Yesterday, Director of National Intelligence James Clapper testified before the Senate Intelligence Committee about the foreign threats that menace the peace of the United States. I have no doubt that such threats exist, but why anyone would trust the way that Clapper would interpret (and strategically withhold) intelligence about those threats is beyond me. As all the world knows, Clapper lied last March in sworn testimony to Congress about the extent of National Security Agency spying on American citizens.
During the hearing yesterday, NSA critic Sen. Ron Wyden (D-Ore.) began his questioning by stating that Clapper and the NSA had previously made "misleading and deceptive statements" in their testimony. Wyden then added:
Let me start by saying that the men and women of America's intelligence agencies are overwhelmingly dedicated professionals, and they deserve to have leadership that is trusted by the American people. Unfortunately, that trust has been seriously undermined by senior officials' reckless reliance on secret interpretations of the law and battered by years of misleading and deceptive statements that senior officials made to the American people. These statements did not protect sources and methods that were useful in fighting terror. Instead, they hid bad policy choices and violation of the liberties of the American people.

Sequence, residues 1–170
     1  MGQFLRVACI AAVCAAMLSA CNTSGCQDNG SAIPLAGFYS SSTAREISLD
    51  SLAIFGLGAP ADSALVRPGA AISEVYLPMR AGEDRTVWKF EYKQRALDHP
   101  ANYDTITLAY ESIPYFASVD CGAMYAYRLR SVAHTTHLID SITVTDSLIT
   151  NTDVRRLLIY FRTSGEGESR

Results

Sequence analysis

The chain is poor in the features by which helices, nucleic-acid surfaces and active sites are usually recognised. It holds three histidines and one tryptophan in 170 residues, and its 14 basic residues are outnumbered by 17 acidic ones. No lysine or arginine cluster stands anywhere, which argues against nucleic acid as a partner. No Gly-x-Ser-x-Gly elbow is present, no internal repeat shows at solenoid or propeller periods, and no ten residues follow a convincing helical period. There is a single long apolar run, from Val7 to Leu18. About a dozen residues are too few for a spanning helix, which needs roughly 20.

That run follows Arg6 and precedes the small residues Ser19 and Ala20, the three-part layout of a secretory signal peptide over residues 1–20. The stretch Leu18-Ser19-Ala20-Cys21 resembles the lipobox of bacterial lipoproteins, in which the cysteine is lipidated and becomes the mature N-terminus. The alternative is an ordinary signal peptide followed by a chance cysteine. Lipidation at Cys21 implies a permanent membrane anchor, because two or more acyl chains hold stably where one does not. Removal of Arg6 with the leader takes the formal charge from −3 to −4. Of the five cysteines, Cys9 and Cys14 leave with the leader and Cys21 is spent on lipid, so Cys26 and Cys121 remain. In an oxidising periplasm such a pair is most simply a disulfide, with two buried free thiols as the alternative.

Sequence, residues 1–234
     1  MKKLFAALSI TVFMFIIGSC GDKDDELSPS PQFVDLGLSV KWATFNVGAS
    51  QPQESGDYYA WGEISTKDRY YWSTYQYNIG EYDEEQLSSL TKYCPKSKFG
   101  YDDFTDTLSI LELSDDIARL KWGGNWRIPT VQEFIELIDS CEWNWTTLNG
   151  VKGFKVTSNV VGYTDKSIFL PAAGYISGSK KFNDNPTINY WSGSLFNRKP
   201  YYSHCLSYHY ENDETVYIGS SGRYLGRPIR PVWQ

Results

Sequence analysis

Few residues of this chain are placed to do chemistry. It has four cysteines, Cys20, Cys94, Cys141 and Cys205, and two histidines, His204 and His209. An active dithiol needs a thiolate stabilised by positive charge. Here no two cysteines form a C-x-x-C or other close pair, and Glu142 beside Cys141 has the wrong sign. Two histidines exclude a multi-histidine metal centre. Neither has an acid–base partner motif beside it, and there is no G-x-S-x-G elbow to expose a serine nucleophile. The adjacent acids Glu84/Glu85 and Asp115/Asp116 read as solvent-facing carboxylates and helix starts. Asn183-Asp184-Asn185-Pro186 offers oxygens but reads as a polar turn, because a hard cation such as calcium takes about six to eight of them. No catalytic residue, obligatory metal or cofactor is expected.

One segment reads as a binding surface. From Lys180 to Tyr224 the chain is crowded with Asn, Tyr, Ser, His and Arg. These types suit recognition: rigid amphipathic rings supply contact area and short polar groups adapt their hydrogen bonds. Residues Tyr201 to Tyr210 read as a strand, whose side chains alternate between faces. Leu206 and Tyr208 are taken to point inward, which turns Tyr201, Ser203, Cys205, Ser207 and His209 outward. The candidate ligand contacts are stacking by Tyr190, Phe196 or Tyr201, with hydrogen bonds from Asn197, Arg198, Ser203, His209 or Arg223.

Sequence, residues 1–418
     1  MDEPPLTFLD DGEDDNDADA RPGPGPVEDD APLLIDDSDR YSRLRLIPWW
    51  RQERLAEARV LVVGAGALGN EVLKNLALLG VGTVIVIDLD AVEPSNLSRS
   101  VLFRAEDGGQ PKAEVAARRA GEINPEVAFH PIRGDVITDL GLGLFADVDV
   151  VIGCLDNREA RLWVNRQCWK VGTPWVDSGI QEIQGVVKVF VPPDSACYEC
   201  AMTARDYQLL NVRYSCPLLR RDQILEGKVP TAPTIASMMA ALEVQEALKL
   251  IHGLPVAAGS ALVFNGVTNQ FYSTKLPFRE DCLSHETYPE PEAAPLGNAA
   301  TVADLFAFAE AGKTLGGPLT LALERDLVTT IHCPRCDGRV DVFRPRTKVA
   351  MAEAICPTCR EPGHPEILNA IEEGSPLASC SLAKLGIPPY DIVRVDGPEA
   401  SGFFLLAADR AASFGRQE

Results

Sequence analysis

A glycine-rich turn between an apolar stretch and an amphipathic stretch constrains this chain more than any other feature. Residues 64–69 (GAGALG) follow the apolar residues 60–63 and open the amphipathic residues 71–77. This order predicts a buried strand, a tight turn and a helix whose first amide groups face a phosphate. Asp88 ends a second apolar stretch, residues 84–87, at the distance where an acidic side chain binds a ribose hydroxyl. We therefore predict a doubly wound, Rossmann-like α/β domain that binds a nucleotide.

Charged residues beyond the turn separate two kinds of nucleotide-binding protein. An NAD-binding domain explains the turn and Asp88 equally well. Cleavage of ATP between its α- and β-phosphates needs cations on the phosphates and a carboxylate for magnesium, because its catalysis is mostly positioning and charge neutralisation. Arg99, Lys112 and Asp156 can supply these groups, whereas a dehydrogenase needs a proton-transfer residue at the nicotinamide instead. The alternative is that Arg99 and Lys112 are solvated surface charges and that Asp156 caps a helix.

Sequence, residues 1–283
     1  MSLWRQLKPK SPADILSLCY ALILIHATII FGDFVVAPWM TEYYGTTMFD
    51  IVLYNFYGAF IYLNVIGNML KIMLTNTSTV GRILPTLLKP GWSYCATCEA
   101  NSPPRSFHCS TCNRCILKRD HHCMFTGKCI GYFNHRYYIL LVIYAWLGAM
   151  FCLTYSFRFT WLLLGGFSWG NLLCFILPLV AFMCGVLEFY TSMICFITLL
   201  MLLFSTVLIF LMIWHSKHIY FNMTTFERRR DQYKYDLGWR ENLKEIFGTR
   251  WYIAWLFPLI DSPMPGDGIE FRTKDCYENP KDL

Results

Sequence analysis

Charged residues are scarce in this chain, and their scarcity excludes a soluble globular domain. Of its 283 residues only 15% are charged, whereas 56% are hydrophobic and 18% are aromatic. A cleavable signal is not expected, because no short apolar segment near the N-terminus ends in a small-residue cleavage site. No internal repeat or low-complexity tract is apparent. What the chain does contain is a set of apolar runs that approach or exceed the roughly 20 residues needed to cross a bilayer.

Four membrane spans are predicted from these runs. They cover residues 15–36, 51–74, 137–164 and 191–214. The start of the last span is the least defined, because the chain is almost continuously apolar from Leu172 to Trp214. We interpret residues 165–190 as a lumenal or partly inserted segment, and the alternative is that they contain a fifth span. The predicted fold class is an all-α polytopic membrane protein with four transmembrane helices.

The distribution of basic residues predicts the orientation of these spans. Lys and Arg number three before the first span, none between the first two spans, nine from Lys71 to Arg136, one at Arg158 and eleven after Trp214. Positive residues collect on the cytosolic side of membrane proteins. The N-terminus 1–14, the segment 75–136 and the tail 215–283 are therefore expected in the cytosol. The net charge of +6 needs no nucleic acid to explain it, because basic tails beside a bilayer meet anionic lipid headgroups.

For example, the director of the NSA said publicly that the NSA doesn't hold data on U.S. citizens. That was obviously untrue.
Justice Department officials testified that Section 215 of the Patriot Act is analogous to grand jury subpoena authority, and that deceptive statement was made on multiple occasions.
Officials also suggested that the NSA doesn't have the authority to read Americans' e-mails without a warrant. But the FISA Court opinions declassified last August showed that wasn't true, either.
Earlier in the week, Rep. Darrell Issa (R-Calif.) sent a letter signed by five other congressmen—both Republican and Democratic—to President Obama asking him to fire Clapper. The letter read:
The continued role of James Clapper as Director of National Intelligence is incompatible with the goal of restoring trust in our security programs and ensuring the highest level of transparency. Director Clapper continues to hold his position despite lying to Congress, under oath, about the existence of bulk data collection programs in March 2013. Asking Director Clapper, and other federal intelligence officials who misrepresented programs to Congress and the courts, to report to you on needed reforms and the future role of government surveillance is not a credible solution."
Unfortunately, in a reply to the letter a spokesperson for President Obama stated:
The president has full faith in Director Clapper's leadership of the intelligence community. The director has provided an explanation for his answers to Sen. Wyden and made clear that he did not intend to mislead the Congress.
Not intend to mislead the Congress? That is what happens when you start lying, you have to keep lying.
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